5. When the four deck holes are drilled correctly, the Angled Backing Plate should fit flush against the forward bulkhead while its holes also line up exactly with the deck plate. With the fasteners in the deck fitting temporarily but firmly installed, drill the holes for the carriage bolts in the forward bulkhead and insure the Flat Backing Plate can be accepted by them in the anchor well. Some hole alignment may be needed with the rat-tail file. Perhaps it's worth noting at this point what is revealed by these steps. The underside of the deck is probably somewhat uneven (mine was considerably so), and the deck coring where you've drilled may be plywood rather than the balsa used elsewhere in the deck mold. The bulkhead is a formica-covered ply structure on the cabin side, but backed with a few layers (not many) of fiberglass on the anchor well side.
  6. What follows are a few 'prep' steps I took before moving further with installation of the fittings. I used acetone to remove the cement on the deck's underside which held the fabric & foam in place, then sanded that area with 60 grit and finally applied a thin coat of WEST epoxy (no filler) to insure later 100% bonding. Using an artist's small paintbrush, I also coated all of the plywood coring revealed by the drilled holes with WEST in hopes of avoiding later water penetration if one of the fasteners somehow began leaking. I also used acetone to fully clean the back side of both backing plates, to remove milling residue and such. This is especially important with the Angled Backing Plate since it must receive the epoxy filler. Finally, and with the Angled Backing Plate again in place for a final 'dry fit' check, I masked off the area around that plate as I expected to use an abundant amount of epoxy filler when mounting it and anticipated quite a mess.
  7. Using 5200 for the Deck Fitting and a WEST epoxy + WEST 404 'mush' on the 'top' of the Angled Deck Fitting, install the fittings. As the machine screws are pulled down from below, monitor the Angled Deck Fitting where it mates up against the forward bulkhead, insuring that it remains flush. As the plate is pulled into place, ram the carriage bolts home as well but consider leaving them unfastened at this time; your priority is get a full fit of plate to deck underside with the filler solidly filling on voids and allowing an overnight cure.
  8. Finally, the next day apply 5200 around the carriage bolts on the anchor well bulkhead side and pull that plate home.


Masthead Fitting Installation

I'll let the pic tell the story as it's pretty straightforward. The main decisions to be made are:

  1. Designing the fitting and choosing it's location so the tang will accept the halyard block, the T-Bolt and the toggle's pin, things will not chafe on the spar, and its presence will not intrude on the genoa when in use. I mounted ours as high as I felt it could be sited in order to maximize the offsetting tension of the backstay.
  2. Do you insulate the fitting or not? I chose to use a thin inert flexible (teflon, I think) sheet which I bedded to the fitting the day before it was fitted to the mast. This maximizes the cathodic protection.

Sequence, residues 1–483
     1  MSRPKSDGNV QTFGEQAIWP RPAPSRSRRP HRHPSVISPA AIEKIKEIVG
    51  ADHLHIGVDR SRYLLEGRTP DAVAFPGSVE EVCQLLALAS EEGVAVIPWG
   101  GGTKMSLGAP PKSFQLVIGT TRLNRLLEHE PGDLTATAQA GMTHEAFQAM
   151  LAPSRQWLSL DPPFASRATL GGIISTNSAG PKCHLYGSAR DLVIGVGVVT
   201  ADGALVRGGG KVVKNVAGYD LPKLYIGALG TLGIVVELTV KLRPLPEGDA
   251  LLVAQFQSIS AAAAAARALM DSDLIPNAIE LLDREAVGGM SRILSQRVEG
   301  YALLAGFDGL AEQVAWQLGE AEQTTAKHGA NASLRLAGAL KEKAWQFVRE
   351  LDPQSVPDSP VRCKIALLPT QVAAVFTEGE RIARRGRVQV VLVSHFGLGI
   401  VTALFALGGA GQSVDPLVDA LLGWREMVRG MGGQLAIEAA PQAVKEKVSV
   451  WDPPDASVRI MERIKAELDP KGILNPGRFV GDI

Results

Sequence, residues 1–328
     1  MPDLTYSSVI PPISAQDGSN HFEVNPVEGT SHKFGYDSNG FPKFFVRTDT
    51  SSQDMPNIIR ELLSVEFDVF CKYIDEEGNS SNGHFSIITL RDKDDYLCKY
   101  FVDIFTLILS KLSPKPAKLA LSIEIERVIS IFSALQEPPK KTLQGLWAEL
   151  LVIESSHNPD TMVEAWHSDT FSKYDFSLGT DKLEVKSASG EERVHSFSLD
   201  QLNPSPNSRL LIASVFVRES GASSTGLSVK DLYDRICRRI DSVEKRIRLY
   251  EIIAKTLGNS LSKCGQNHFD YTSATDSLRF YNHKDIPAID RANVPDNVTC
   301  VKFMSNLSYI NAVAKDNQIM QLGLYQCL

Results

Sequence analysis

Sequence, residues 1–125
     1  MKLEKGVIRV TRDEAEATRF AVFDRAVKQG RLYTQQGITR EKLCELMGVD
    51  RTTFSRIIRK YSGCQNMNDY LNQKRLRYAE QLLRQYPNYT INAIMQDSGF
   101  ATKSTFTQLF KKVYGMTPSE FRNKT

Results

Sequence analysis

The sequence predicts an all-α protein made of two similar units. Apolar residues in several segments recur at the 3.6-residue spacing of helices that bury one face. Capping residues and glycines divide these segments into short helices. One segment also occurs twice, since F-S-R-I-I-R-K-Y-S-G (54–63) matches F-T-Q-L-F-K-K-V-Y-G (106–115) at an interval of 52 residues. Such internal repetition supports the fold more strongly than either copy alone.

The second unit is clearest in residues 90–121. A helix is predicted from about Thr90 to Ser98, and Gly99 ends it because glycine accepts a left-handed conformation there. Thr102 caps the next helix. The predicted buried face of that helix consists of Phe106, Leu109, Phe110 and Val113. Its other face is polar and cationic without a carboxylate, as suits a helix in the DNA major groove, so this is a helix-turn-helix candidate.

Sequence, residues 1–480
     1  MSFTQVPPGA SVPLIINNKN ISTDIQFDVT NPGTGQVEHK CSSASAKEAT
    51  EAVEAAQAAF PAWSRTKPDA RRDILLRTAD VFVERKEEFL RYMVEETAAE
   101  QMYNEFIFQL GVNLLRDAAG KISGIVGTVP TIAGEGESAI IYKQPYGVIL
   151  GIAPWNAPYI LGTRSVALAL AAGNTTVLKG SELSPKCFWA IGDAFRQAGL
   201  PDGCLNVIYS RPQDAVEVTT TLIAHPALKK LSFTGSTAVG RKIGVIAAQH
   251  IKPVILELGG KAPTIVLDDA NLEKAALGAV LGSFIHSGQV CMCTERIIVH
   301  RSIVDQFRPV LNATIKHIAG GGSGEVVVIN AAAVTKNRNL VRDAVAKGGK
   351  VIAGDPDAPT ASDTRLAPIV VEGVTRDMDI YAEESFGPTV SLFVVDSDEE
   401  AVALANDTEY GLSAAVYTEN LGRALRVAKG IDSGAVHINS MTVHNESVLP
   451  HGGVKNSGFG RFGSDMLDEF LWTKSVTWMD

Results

3. Do you bed the fitting or install it dry? If I hadn't been helped by a good friend whose knowledge I deeply respect, I would have fitted it dry. But a combination of the more certain, well distributed attachment strength and better insulating qualities were urged on me and, since I had a second pair of hands on deck to do the smearing/gooping, I fitted it wet. Obviously, doing a good 'dry fit' is important since, once you reach the 'goop' stage, it's a bit tough to turn back.
  4. Do you tap for threaded fasteners or drill for Riv Nuts (rivets). I have a big rivet gun and was planning to use ¼"; stainless rivets, as the gun pulls those home fairly easily. (The metal shop preferred this choice, as well). However, the gun got lame just before installation and I opted for ¼"; machine screws. Each of these was installed using Tef-Gel, which I've had great success with re: avoiding corrosion of stainless fittings in the aluminum spars. (Note: Beware of the similarly labeled Tek-Gel with a 'K' now being marketed by West Marine, a rip off of the Tef-Gel name and a far inferior product. WM should be ashamed of themselves for doing this, especially since it's generally atypical of them).

Final Steps

  1. There are a number of 'release lever' choices and some research will give you many options. We ended up with an ABI lever because, for its price, it seems nicely built, it offers relative ease of release (some levers can be finicky to operate IMO) and is stout. I would recommend the version with the 5/8"; pin and swage for 5/16"; wire.
  2. Where do you stow the wire when you want the foredeck clear for dinghy wrestling and/or easy tacking of the jib? Often with removable staysail stays, the wire must be carried around some structure on deck and tensioned aft of the mast. Another minor advantage of the Solent Stay is that it can be moved to a simple bow eye mounted between the forward lower and upper shroud, due to the geometry of the stay (longer run and a more acute angle at the masthead). I mounted the bow eye far enough forward of the upper shroud chain plate to keep the wire out of mischief with the spreaders. It does not intrude on passage up/down the side deck.
  3. When pricing this out, don't forget the extra set of genoa blocks, halyard block, halyard and sheets, and the fittings for the sail plus the sail itself. Added to the materials referenced above, this is not an inexpensive project. In the end, I estimated I spent $800-$900 but started with a good sail for $0 that only cost $75 to recut.

How does it work? Don't have a clue, as the boat's essentially been decommissioned for the last too many months while many projects were completed. But we're hoping to sail to Europe this Spring via Bermuda and the Azores … and something tells me I'll know more by the time we arrive. We'll let everyone know what we think this coming Fall.

Jack Tyler
WHOOSH, being 'reassembled' in St. Pete, FL